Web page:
||FOURTH CIRCUIT DISCUSSES CONSENSUAL ENCOUNTERS AND INVESTIGATIVE DETENTIONS

FOURTH CIRCUIT DISCUSSES CONSENSUAL ENCOUNTERS AND INVESTIGATIVE DETENTIONS

On December 26, 2019, the Fourth Circuit Court of Appeals decided the United States v. Lewis[i], which serves as an excellent review of the law related to consensual encounters and investigative detentions.  The facts of Lewis, taken directly from the case, are as follows:

While leaving a staff meeting on the morning of June 12, 2017, Sergeant Matthew Townsend (“Sergeant Townsend”) of the Dillon, South Carolina police department overheard coworkers discussing an arrest warrant charging assault that had recently been issued for someone with the last name of “Lewis.” Later that day, Sergeant Townsend was filling his patrol car’s gas tank when he noticed Appellant walk past. Sergeant Townsend had previously interacted with both Appellant and Appellant’s brother, who share the last name “Lewis.” Sergeant Townsend was aware that Appellant was known as a “neighborhood bully.” J.A. 33.1 When Sergeant Townsend saw Appellant walking down the street, he radioed dispatch to identify the full name on the “Lewis” warrant. Though Sergeant Townsend had yet to receive an answer from dispatch, he followed Appellant. Sergeant Townsend was alone in his patrol car and Appellant was on foot.

When Sergeant Townsend caught up with him, Appellant was nearing the front door to the home Appellant shared with his girlfriend. According to Sergeant Townsend, he first rolled his car window down and said, “Hey, man, let me talk to you for a minute.” J.A. 37. As Sergeant Townsend then exited his car, Appellant replied, “For what?” Id. At this point, Sergeant Townsend recalls he “was probably in [Appellant’s] yard.” Id. at 59. Sergeant Townsend told Appellant, “I may have a warrant on you,” at which point, according to Sergeant Townsend, Appellant turned and ran from one side of the house around to the other side. Id. at 37.

For his part, Appellant testified that he was approaching his front door when Sergeant Townsend pulled up in his patrol car. According to Appellant, Sergeant Townsend “pulled up in the yard, got out of the vehicle, [and] told [him] to turn around and put [his] hands behind [his] back . . . [because he] was under arrest.” J.A. 66. Appellant further attested that he demanded to know why he was under arrest, and when Sergeant Townsend refused to explain, Appellant turned to walk in the door of his residence. At that point, per Appellant, Sergeant Townsend reached to grab him, so Appellant pulled away and ran. Appellant explained that he ran when Sergeant Townsend tried stopping him from continuing into his house because he did not believe Sergeant Townsend had the authority to arrest him. Appellant said he believed he had the right to leave because Sergeant Townsend never told him why he was under arrest.

In both Appellant’s and Sergeant Townsend’s versions of the incident, Appellant ran from the area near his front door to the other side of the house. Appellant then attempted to climb over a chain-link fence near the side of the house, but Sergeant Townsend grabbed him and wrestled him to the ground. During the struggle, Sergeant Townsend saw a black object — later determined to be a firearm — fall to the ground.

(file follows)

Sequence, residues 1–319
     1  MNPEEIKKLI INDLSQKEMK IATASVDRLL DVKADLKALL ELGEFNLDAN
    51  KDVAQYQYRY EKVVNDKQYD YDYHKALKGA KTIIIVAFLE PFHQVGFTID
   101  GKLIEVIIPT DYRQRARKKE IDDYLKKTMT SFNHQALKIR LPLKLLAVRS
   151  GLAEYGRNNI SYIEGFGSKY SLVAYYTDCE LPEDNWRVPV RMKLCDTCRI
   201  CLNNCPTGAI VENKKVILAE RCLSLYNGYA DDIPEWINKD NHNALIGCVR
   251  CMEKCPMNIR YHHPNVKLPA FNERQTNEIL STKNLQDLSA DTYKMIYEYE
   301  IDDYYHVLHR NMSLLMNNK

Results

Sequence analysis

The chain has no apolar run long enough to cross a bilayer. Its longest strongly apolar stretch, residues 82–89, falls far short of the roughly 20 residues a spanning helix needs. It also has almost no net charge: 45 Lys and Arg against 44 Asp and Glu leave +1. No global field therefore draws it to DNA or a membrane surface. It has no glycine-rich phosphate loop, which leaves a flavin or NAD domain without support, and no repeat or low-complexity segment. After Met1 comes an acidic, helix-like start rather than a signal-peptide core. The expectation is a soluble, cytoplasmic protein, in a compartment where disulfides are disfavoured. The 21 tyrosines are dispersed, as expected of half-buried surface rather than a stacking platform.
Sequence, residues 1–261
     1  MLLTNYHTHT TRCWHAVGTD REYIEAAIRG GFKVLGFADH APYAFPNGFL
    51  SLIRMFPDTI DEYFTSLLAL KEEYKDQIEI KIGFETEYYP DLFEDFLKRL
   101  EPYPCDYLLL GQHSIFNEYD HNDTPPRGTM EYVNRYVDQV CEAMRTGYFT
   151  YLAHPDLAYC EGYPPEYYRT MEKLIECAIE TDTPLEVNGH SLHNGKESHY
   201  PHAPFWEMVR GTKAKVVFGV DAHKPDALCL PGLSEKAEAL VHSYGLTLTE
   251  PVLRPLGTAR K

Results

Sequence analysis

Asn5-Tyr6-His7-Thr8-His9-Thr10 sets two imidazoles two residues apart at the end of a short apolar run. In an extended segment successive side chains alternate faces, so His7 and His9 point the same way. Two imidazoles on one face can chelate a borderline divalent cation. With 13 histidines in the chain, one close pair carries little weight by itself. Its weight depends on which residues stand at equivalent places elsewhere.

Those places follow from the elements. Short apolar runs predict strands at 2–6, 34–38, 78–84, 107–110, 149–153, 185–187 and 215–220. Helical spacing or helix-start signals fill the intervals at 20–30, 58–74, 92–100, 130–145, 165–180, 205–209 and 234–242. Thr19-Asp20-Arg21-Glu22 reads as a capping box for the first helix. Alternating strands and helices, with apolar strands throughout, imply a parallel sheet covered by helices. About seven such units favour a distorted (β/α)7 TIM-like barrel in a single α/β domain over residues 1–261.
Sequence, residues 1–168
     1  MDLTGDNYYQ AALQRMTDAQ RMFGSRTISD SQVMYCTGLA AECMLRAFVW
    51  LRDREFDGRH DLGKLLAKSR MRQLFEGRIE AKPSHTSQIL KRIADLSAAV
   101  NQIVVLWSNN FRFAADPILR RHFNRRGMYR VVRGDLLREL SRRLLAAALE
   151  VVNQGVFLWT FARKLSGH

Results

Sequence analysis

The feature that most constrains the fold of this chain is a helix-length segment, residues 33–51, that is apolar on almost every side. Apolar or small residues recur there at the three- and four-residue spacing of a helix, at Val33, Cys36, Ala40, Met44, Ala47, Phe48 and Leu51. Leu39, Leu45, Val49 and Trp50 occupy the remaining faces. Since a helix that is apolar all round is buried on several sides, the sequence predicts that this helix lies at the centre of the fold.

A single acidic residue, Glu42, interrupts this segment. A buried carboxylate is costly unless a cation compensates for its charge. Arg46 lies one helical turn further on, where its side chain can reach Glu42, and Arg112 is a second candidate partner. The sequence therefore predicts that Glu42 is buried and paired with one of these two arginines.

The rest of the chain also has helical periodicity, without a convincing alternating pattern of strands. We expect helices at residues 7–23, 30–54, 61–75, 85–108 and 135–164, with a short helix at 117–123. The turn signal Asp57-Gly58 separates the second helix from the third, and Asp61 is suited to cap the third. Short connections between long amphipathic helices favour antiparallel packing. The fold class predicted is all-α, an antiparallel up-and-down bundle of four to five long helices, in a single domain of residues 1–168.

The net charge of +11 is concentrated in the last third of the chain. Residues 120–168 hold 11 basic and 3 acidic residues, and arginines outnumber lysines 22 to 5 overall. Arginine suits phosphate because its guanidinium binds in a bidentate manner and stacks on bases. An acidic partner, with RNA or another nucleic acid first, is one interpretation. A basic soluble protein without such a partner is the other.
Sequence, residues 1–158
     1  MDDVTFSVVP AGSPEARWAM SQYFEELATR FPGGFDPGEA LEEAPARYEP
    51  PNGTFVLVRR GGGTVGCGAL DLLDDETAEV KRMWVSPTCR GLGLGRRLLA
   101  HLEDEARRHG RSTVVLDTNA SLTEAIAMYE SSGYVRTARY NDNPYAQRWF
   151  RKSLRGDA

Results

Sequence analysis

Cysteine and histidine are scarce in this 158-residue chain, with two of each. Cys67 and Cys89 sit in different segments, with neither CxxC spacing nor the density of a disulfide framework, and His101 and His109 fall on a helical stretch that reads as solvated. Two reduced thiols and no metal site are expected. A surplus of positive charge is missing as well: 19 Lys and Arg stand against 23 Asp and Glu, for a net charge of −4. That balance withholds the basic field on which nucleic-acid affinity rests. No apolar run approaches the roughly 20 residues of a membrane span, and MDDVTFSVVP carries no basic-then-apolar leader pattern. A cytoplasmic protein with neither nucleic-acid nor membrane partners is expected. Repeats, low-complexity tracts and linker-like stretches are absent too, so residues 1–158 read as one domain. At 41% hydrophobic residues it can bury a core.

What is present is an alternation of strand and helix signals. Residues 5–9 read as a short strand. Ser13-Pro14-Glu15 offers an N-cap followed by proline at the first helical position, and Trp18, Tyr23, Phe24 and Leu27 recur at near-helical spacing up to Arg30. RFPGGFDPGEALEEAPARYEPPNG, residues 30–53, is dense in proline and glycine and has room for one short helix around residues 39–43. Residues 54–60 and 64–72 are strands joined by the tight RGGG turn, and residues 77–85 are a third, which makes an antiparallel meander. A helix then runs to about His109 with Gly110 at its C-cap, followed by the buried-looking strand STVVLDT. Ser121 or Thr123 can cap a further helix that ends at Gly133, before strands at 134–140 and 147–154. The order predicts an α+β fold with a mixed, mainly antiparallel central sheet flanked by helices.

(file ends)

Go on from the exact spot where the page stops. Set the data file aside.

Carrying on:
After arresting Appellant, Sergeant Townsend learned that the warrant he heard being discussed that morning had in fact been for Appellant’s brother and not Appellant. However, Sergeant Townsend discovered there were multiple outstanding arrest warrants for Appellant on narcotics and firearm charges.[ii]

Lewis was subsequently indicted under federal law for being a felon in possession of a firearm.  He filed a motion to suppress the firearm and the district court denied the motion.  Lewis pleaded guilty with a right to appeal the denial of the motion to suppress.  He then filed a timely appeal with the Fourth Circuit Court of Appeals.

On appeal, Lewis argued that he was seized without reasonable suspicion at his front door during the initial encounter with the officer, and the gun should be suppressed as a product of that Fourth Amendment violation.  The court first stated that

A [Fourth Amendment] seizure of the person . . . occurs when, taking into account all of the circumstances surrounding the encounter, the police conduct would have communicated to a reasonable person that he was not at liberty to ignore the police presence and go about his business.” Kaupp v. Texas, 538 U.S. 626, 629 (2003) (internal quotation marks omitted).

Without a warrant supported by probable cause, a law enforcement officer may still briefly detain an individual for investigative purposes if the officer has reasonable suspicion that the individual has engaged in criminal activity or is presently engaged in criminal activity. United States v. Hensley, 469 U.S. 221, 227 (1985). To use reasonable suspicion to justify even a brief seizure for investigative purposes, “the police officer must be able to point to specific and articulable facts which, taken together with rational inferences from those facts, reasonably warrant that intrusion.” Terry v. Ohio, 392 U.S. 1, 21 (1968). In assessing whether reasonable suspicion existed, we evaluate “the facts available to the officer at the moment of the seizure.” Id. at 21-22.[iii]

The court then set out to determine when Lewis was actually seized under the Fourth Amendment during his encounter with Sergeant Townsend.  If it were prior to developing reasonable suspicion, then the gun would be suppressed.  Lewis argued that he was seized at or near his front door when the sergeant first spoke with him.  The government argued that the encounter was initially consensual and didn’t become a seizure until the sergeant physically seized Lewis by the fence after he fled.

The court noted the legal principles regarding seizures of persons and stated

Seizure of a person occurs “[o]nly when the officer, by means of physical force or show of authority, has in some way restrained the liberty of a citizen.” Terry, 392 U.S. at 19 n.16. Where physical force was not used to restrain a person, we ask whether “in view of all the circumstances surrounding the incident, a reasonable person would have believed that he was not free to leave.” United States v. Mendenhall, 446 U.S. 544, 554 (1980).